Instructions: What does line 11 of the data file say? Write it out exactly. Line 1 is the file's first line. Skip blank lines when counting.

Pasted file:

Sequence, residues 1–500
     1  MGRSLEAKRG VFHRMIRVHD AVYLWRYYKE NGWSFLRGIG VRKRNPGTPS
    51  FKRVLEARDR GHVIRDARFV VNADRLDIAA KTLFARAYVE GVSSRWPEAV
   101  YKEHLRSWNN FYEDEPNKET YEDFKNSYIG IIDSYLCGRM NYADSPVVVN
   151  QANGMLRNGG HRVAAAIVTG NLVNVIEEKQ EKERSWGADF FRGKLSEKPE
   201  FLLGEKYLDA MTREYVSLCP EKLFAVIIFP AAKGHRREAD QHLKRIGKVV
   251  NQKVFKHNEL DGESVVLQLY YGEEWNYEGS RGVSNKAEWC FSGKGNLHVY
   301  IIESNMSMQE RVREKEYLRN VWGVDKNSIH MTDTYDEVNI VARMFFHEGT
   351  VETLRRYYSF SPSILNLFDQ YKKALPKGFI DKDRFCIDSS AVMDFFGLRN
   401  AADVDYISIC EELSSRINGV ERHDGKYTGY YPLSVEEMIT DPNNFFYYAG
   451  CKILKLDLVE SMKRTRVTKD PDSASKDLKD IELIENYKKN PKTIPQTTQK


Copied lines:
   451  CKILKLDLVE SMKRTRVTKD PDSASKDLKD IELIENYKKN PKTIPQTTQK